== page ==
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Re: [azsecularhumanists] Cola giants challenged in Turkey

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  • thekoba@aztecfreenet.org
    ... There is no comparison. There is no shortage of cola in Turkey or elsewhere, and cola is not necessary for getting to work or otherwise sustaining life.
    Message 1 of 4 , Aug 21, 2003
      >
      >now this supports ernies concept
      >of letting people charge $4 for
      >a gallong of gas or coke.
      >
      >sell a product for too much and
      >the free market will get people
      >who make it and sell it for less
      >so they can make a buck.
      >
      >as soon as the compitition kicks
      >in the $4 gallon price of gas
      >will be dropping

      There is no comparison. There is no shortage of cola in Turkey or
      elsewhere, and cola is not necessary for getting to work or otherwise
      sustaining life. If someone were price-gouging cola, people could
      simply switch to tea or water. At the moment there is a shortage of
      petrol in Phoenix, and the competition is minimal. That is why
      rationing is needed, not price-gouging.

      --Kevin
    • thekoba@aztecfreenet.org
      Dear Eric, Many thanks for this vivid description of Arab soft drinks of the 1970s. They do sound good. Comradely, Kevin
      Message 2 of 4 , Aug 21, 2003
        Dear Eric,

        Many thanks for this vivid description of Arab soft
        drinks of the 1970s. They do sound good.

        Comradely,

        Kevin

        >
        >Dear Kevin,
        >
        >When I was in Saudi Arabia and Syria in the mid-1970s
        >(when things were less degraded than now) the
        >situation was that CocaCola had been kicked out of all
        >Arab countries for opening a facility in occupied
        >Palestine. That violated the embargo so all the Arab
        >countries where Coke was, kicked them out. (Those
        >were the days!)
        >
        >In Saudi Arabia the CocaCola bottlers left their plant
        >behind and an enterprising Saudi named S. M. Kaaki
        >bought the place and started producing "Kaaki Cola"
        >which was available as far as I knew throughout the
        >Kingdom - anyway wherever I went it was there, so it
        >was not a niche market. To me it tasted just like
        >Coke, but then I can't tell the difference between
        >Coke and Pepsi either.
        >
        >At that time, however, Pepsi had not opened any
        >facilities in occupied Palestine so their drink was
        >readily available. Of course other Pepsi drinks were
        >also available in Saudia too as well as some western
        >orange and other soda drinks that might or might not
        >be Pepsi products; I don't know.
        >
        >I don't know if Coke ever was allowed into Syria, but
        >when I was there they had lots of ultra sweet fruit
        >flavoured soft drinks -- bright red ("cherry" I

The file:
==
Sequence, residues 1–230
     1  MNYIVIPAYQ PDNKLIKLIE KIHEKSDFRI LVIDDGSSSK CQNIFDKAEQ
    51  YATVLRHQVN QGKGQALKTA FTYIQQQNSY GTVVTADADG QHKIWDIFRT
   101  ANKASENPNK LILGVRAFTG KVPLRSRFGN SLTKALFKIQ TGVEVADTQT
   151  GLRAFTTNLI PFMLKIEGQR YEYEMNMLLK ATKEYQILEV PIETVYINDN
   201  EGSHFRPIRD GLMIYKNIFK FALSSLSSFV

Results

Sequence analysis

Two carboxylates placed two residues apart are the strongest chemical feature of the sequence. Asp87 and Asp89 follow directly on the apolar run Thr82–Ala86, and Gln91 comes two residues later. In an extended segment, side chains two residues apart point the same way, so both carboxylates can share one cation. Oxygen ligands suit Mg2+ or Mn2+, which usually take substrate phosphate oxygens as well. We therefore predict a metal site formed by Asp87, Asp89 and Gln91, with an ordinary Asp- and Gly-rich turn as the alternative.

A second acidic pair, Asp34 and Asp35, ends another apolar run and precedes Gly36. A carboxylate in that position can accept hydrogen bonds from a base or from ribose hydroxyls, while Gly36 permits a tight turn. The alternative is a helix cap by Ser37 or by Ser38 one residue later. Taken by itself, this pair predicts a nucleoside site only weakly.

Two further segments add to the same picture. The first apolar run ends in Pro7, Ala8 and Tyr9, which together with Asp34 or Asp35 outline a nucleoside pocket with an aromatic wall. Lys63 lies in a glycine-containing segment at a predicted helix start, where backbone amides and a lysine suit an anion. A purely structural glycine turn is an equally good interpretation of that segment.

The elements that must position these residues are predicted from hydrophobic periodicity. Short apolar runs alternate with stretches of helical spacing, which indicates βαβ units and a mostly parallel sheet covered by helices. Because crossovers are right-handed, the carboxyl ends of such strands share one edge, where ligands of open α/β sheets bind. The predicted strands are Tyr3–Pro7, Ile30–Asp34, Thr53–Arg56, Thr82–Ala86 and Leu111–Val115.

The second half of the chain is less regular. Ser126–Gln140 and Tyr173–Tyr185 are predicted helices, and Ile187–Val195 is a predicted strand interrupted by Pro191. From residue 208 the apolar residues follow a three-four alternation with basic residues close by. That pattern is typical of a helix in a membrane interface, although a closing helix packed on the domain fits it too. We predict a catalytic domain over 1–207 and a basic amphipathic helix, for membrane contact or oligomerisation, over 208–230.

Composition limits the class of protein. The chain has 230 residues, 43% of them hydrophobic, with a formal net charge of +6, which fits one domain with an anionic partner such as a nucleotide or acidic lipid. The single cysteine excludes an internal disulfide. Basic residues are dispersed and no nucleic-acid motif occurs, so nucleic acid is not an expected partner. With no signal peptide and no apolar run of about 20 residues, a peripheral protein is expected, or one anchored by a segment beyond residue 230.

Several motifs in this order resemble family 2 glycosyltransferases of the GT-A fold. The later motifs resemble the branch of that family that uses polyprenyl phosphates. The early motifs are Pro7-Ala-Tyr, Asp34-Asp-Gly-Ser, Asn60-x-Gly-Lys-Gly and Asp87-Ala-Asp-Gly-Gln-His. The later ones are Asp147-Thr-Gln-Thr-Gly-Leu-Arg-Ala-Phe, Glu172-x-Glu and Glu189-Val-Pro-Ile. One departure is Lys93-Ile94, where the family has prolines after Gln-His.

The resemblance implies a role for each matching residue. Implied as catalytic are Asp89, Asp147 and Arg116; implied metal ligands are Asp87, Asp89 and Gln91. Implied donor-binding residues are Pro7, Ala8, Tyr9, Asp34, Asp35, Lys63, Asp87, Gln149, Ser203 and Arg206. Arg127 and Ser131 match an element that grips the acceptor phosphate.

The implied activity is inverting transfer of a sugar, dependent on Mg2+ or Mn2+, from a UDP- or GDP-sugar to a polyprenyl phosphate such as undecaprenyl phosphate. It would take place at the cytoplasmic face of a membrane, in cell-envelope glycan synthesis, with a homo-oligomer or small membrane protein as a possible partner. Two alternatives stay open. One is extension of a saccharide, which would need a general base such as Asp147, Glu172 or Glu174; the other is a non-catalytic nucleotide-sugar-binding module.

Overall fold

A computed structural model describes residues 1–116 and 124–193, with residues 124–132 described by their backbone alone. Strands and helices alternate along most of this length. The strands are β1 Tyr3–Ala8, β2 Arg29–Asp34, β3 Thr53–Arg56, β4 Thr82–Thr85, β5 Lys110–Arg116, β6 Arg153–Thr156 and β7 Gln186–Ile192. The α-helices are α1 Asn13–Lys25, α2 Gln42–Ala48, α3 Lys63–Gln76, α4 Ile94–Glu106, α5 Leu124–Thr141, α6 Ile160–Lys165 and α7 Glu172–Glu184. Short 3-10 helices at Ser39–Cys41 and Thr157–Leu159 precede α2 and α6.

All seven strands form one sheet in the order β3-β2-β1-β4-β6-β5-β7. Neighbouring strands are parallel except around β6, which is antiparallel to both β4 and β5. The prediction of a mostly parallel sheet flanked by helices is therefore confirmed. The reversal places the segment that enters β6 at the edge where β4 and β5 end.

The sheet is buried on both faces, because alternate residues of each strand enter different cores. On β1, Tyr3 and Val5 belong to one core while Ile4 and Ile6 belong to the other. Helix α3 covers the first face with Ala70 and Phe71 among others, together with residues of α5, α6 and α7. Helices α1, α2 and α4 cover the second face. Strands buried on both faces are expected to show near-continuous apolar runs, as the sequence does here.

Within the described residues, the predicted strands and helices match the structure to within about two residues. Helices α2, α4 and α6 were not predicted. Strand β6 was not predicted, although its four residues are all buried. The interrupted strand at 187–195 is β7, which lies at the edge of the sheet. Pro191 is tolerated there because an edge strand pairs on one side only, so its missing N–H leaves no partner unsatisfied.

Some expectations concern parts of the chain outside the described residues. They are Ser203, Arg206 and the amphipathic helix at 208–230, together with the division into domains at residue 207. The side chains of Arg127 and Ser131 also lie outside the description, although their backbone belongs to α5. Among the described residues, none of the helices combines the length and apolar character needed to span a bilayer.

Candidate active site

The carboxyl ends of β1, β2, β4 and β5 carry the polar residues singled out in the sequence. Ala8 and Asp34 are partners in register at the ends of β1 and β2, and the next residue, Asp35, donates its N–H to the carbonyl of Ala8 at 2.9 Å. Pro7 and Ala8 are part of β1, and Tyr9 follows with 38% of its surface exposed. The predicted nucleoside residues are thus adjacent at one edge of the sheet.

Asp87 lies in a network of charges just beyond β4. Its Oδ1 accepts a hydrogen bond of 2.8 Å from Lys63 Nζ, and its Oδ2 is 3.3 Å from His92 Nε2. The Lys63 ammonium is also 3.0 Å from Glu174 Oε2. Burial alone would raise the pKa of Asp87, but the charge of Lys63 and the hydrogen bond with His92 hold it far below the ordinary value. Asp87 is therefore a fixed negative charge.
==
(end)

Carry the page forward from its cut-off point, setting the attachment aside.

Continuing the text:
>suppose) and bright yellow ("orange", I guess). It
        >was like drinking liquid sugar cane, but it was made
        >in Syria. That too served the whole country, not a
        >niche market. Since it was not brown, I guess it
        >wasn't an "import substitution" for Coke, but it was a
        >fizzy soft drink. In Syrian colloquial, soft drinks
        >are called "gazzoz" because of the carbonation (gas) I
        >suppose.
        >
        >I don't know what's gone on since I left. I suspect
        >they've been flooded by all sorts of western crap.
        >
        >What was nice, however, was that in summer months
        >there were lots of little juice shops everywhere both
        >in Saudia and in Syria. They had fresh fruits -
        >mangoes, bananas, etc., -- and for half a riyal in
        >Saudia (about 15 cents) you could get a tall glass
        >full of fresh fruit juice with a little crushed ice in
        >it. In Syria the price was one Lira (33 cents, then)
        >but they gave you the whole blender-full.
        >
        >Those prices were comparable to the bottled soft
        >drinks. They were not so portable, that is, you had
        >to buy them in the juice shops, not at a restaurant or
        >coffee house, and since they only only had glasses,
        >not paper cups, you had to consume it there. Still it
        >was a lot better than soft drinks.
        >
        >Then as far as drinks go, in Syria and Turkey too the
        >old and traditional summer drink is called Sous in
        >Arabic. I don't know what the Turkish word is. Sous
        >is licorice, but oddly for a region where they seem
        >addicted to sugar, this is unsweetened and quite
        >bitter. It's like drinking rootbeer with NO
        >sweetening, if you can imagine, and tastes like
        >sucking on a root. But after you overcome the initial
        >reaction, it is refreshing because it's cold. (And
        >sweet things aren't in fact thirst quenching.) I
        >actually miss it when I think about it.
        >
        >The sous seller wanders around with a large decorated
        >brass contraption on his back (containing the drink)
        >and he serves the sous in little brass bowels that
        >everyone drinks out of. I suppose that's not
        >"hygienic" but I was used to such things. As he walks
        >around he clangs the little brass bowels together to
        >let people know of his coming. I can't remember the
        >cost for a drink but it would only be a few cents.
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